Image provided by: University of Oregon Libraries; Eugene, OR
About Morning Oregonian. (Portland, Or.) 1861-1937 | View Entire Issue (Dec. 31, 1904)
The First National Bank of Conneaut
closed. its doors nearly two weeks ago,
after a run upon It the preceding day.
The bank has a capital stock of ?50.000.
The cause of the run. the bankers said
at the time, was that the report had
gained currency that Mrs. Chadwick had
succeeded in securing large loans from it.
The bank officials deny holding any Chad
WHERE IS LAW80N?
LipmanWpIfe a Co
Rumored Wove for Receiver of
President Choose's New
Bright With Bargains
OFFERS TO GIVE BAH.
TELEGRAPHS - FROM NEWARK
THE MORNING OHEGONIAN, SATURDAY, DECEMBER 31, 190$. "
REID GOES TO LONDON
Choate Will Retire From Dip
CONGER MOVES TO MEXICO
Porter Will Leave Paris, but Suc
cessor Is Not Decided On Meyer
at Home and Storer at Vienna
Likely to Remain.
'EW A3EBRICAN AMBASSADORS.
T Great Britain IVhlteiaw Reld, of
T Martoa Ed iv4 n H. Conger, of Iowa.
To CMna-Wittiani TV. Reckhlll. Wash,
jr.gtos. D. C.
T Paris F. H. Mason, of Cleveland,
now at Berlin.
T BerMn John Louis Griffiths, of
WASHINGTON. Doc 30. President
Roosevelt is devoting some time at pres
ent to oofMMcratkm of Important ap
"Mntmeni in the diplomatic and con-
alar servtcc. which are to, be made for
nailj by him nt the beginning: of next
Ms'i-h. Secretary Hay had a conference
wjth the President today before the
" '"tin; of the Cabinet, and it Is under
"d that the matter of appointments In
"ir diplomatic service was one of the
iJt6 Hscus-od. While no official ari
unrnmeiit of the President's Intention
. rjrsrding the positions has yet been
made. It Is known that he has decided
jn evwHl changes.
T---ph H. Choate. Ambassador to the
urt of SI. James, has indicated that
V dor; not desire to continue In that
"HiFition. and he expects, when relieved,
return to America to look after his
i fronal interests here. He will be suc
ceeded ly WhltclRW Reid. proprietor of
r." New York Tribune, who was at one
'.me Minister to France.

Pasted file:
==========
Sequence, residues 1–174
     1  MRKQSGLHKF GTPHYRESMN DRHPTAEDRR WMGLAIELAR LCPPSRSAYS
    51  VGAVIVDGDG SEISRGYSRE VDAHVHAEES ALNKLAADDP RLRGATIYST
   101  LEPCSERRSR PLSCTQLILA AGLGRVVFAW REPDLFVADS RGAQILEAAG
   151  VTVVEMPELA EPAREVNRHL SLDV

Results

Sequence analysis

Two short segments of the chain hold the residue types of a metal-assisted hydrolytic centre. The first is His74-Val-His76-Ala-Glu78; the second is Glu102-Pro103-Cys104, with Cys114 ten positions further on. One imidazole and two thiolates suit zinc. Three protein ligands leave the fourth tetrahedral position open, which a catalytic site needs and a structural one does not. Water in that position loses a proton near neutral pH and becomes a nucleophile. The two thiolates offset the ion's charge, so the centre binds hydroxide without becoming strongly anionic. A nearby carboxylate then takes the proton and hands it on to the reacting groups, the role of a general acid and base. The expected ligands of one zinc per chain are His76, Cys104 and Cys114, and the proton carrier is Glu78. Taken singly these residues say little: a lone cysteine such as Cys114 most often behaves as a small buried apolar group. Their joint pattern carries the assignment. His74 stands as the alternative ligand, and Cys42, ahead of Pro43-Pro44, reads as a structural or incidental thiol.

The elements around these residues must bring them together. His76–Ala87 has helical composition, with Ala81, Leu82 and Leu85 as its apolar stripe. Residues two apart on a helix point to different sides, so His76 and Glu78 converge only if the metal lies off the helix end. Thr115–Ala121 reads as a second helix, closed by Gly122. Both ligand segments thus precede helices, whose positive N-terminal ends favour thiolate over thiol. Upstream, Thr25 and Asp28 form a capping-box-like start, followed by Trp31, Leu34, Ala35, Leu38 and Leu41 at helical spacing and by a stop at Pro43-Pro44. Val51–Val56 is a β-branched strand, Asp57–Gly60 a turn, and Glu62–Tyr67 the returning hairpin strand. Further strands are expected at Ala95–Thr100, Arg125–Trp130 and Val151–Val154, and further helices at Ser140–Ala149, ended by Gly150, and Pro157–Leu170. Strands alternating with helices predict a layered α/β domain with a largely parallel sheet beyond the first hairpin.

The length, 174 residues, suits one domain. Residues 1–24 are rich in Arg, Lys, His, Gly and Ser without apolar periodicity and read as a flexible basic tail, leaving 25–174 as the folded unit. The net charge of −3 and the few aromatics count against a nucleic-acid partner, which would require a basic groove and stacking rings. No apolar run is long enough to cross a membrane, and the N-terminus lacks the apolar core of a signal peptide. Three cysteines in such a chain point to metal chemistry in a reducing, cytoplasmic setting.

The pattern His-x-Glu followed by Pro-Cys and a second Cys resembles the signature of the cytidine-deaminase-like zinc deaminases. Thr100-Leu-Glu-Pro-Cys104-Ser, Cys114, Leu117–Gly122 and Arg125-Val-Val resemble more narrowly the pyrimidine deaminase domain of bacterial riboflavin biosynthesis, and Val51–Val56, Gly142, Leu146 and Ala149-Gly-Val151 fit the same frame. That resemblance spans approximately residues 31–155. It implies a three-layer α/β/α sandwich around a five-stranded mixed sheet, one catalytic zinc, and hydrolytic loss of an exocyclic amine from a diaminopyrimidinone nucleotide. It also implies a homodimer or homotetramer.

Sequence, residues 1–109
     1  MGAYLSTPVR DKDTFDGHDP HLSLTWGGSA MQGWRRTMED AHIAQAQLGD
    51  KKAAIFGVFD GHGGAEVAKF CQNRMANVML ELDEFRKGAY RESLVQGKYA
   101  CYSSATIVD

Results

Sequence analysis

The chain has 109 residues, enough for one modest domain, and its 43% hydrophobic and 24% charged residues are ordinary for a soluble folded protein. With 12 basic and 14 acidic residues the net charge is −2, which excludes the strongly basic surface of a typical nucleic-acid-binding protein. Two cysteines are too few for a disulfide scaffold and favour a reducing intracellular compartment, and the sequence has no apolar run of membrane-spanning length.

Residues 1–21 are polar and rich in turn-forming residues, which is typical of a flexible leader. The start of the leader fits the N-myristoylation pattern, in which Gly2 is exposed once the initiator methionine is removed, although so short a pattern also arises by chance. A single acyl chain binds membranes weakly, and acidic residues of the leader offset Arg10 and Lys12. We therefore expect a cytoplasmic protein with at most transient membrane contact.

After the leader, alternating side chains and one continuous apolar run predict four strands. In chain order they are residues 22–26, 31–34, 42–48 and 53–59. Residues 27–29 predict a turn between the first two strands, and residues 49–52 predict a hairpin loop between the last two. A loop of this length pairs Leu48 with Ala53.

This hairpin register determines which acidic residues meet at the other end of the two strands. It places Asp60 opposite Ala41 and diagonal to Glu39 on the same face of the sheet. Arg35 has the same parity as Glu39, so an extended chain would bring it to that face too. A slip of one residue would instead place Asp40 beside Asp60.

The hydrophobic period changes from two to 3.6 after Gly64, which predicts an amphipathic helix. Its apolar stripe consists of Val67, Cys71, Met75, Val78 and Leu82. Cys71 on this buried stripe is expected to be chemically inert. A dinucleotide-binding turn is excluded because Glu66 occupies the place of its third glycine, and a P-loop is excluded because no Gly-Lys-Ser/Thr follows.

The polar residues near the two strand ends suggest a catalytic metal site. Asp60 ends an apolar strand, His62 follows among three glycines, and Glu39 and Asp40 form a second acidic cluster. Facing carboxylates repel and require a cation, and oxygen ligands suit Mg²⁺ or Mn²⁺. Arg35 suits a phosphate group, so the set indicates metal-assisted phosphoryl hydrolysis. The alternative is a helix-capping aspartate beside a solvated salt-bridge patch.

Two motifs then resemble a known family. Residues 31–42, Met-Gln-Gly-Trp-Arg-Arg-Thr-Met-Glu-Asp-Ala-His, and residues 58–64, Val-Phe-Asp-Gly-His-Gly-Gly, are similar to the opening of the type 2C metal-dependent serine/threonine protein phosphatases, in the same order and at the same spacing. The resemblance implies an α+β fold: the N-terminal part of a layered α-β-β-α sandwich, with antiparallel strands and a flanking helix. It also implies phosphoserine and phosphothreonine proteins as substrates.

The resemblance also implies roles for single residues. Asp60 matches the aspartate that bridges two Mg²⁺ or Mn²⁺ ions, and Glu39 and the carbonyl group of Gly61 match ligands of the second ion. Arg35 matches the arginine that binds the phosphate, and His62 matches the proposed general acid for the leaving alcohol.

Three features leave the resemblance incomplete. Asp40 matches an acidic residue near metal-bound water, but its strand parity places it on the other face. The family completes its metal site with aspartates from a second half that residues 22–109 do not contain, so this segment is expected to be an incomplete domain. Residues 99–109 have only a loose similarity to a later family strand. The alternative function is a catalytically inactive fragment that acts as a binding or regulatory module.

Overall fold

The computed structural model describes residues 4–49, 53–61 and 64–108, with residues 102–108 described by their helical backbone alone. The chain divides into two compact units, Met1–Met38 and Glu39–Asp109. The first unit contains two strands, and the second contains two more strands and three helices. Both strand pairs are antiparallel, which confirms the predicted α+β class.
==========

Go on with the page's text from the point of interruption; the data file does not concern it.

'Jeneml Horace Porter, American Am
ivvudor to France, will retire from that
"st soon after March 4. He was ap-
inted by the late President McKIhley
- 1, with Uie expiration of his present
e'm. wHI have served the United States
i the French Capital eight years. The
president has decided on General Porter's
'jreHsor. but at this time no announce
rs r.t of his decision cun be made. ,
"harkmgne Tower, lAmerlca'h Ambas,
y uior to Germany, and Robert SVMcCor
"uck. American Ambassador to'SRussia,
v 1! eoatlnue at their respective Hosts.
lUuuy Storer. American Ambaksedor
Ausirtm-Hungary. will eontlnuerin his
vre.Mit place until the President decides
transfer him to another post In the
- to the Ambassadorship to Italy,
thing definite can bo said now. It has
Vr-rn rumored that Ambassador George
--n L. Meyer Is to succeed General Por-t-
r at Paris but it can be said that such
change not certain. The probabilities
. rr that Mr. Meyer will remain at Rome.
'Jeneral Powell Clayton having decided
relinquish his post as Ambassador to
"Mexico at the end of the present admin
istration, he will be succeeded by Edwin
"I vnner. now United States Minister to
Mna. It Is not expected that Mr. Con
fer will continue long at the Mexican
apltal. as he Is understood to intend to
-rtam to his home state of Iowa to be
i andidate in succession to Governor
:mmiiw He will be succeeded by David
Thompson, of Nebraska, who at pres-c-it
is Minister to Rrazil. Mr. Thompson
'epted the appointment to Brazil with
he understanding that he would be ap-i-
mted to a higher place In the diplo
matic service as soon as opportunity af
Mr. Conner will he succeeded at the
mrt of Pekin by William W. Rockhill.
present Director of the Bureau of
me1cn Republics, who is recognized as
r' authority on all subjects pertaining to
'una and the Chinese.
Jlm K. Gowdy. who was appointed by
1 resident McKinley American Consul--ieri
at Paris, will be succeeded by
H Mason, who is now Consul-General
Kerlln. In succession to Mr. Mason,
j--1.Ii Lewis GriRiths, of Indianapolis, will
It is expected that some other changes
will be made In the corps of American
Ministers, hut at this time they are not
'i-tainaMe for publication.
GUILTY ONES DISCHARGED.
Ball Cartridges Among Blanks Are
Traced to the Packers.
"WASHINGTON. Dec. 30. As the result
4 ' investigation made by direction of
t.nrrni Crozier, Chief of Ordnance, it
been ascertained that among 'the
1 :.009 blank cartridges issued last Sum-"v-r
to the regular and militia troops
v hi'h took part in the maneuvers at
lanH&ms, Va., and In California, two
1 i: cartridges were found, one at the
"V rginia camp and the other in California.
V person who packed the California
-rtridges was traced by the initials on
1 ' box ad was promptly discharged. In
e YirfctniR ease it was impossible to
-il the offender.
As an additional precaution, all the